It’s been a while since I’ve written a comic piece, but I felt it was long overdue. The three huge summer blockbusters also put me in the mood to talk about the source material a bit. About a year ago I completely switched over from reading physical comics to digital comics on my iPad. My motivation for doing this was because I had fallen ill and was having trouble actually getting to my local comic shop each and every week. I should tell you that I still love reading physical books, graphics novels and comics. That said, this new digital platform is simply amazing. Zeroing in on comics specifically, it allows me to take thousands of comics with me wherever I go. I can also purchase most comics for a fraction of their regular asking price. Rarity means nothing in a digital marketplace. All major comic companies support comiXology, which now has an app for both iOS and Android. It’s the de facto comic book reader, and allows for a streamlined panel-to-panel transition view (called Guided View), or the regular full-page view you get when reading a real comic. I tend to select the full-page view on my iPad and the panel-to-panel transition view on my iPhone. The high-resolution colors and details make these comics come alive like never before. Even vintage books look incredible, and you can zoom in so far that you can make out details you never thought possible. Please take note that the images you see here have all been modified to 800 pixels, and changed from their original PNG files to JPEGs. I did this to make them fit the page.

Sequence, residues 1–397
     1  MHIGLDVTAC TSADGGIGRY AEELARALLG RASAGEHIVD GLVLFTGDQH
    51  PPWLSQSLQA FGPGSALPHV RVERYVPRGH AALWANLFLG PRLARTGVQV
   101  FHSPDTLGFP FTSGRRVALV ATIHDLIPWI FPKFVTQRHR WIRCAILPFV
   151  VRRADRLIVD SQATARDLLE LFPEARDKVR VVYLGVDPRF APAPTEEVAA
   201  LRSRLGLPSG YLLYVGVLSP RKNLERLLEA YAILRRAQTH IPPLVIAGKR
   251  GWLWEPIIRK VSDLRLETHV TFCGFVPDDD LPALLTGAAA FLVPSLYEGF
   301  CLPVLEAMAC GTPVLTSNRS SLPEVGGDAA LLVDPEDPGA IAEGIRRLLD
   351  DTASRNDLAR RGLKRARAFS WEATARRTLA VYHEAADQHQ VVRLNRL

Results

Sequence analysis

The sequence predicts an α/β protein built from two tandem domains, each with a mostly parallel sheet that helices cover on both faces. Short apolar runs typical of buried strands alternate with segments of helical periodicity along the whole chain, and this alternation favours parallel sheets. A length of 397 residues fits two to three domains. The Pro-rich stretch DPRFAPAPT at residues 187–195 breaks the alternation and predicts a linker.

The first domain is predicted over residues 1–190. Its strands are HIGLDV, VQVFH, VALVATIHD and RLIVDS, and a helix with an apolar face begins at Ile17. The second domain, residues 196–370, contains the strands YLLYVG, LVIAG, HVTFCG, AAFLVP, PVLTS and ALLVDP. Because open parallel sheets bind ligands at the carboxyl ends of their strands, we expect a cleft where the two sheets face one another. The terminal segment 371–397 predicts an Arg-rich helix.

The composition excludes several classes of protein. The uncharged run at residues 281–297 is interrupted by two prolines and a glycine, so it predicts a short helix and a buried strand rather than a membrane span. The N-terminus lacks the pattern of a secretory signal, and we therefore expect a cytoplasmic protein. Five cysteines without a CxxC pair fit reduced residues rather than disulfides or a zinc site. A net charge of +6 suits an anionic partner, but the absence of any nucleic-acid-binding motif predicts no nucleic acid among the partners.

All new comics appear on the app the day they hit comic book stores, which is extremely handy, although the initial prices for Marvel comics are still way to high, coming in at $4 a book. A month or so later they drop to $3 a book. DC comics are mostly $2 a book, except for the really popular ones which go for either $4 or $3 depending on the title. Like Marvel, the prices decrease over time. Image books typically go for $3 for a new book, and $2 for an older one. The prices vary is what I’m getting at. That said the comic companies almost always hold incredible deals that are simply non-existent with their real-world counterparts. Take this past weekend as an example. When The Avengers movie was released, Marvel held a $0.99 Avengers weekend; meaning over 200 books were available for purchase for only a buck apiece, instead of either $2 or $3. That adds up to a huge savings, if you’re like me and take advantage of these sales. This weekend Vertigo is having a Fables sale. You can purchase Fables #1 all the way up to last month’s Fables #115 for only a buck each! That’s amazing! Nowhere else in the world would you be able to spend $115 and get each and every Fables book ever released.
Another trend I really like is that trade paperbacks are also available in digital format. Take The Walking Dead for example. You can buy each and every comic for $2 each, or you can buy the collected volumes for $9.99 each, which typically contain six comics. That’s about the same going rate as what Amazon.com charges for the actual book, however these collections also go on sale, so it remains a really solid deal. Again, you have to think that you can bring these with you, and they take up no shelf space at all, which brings me to my next point.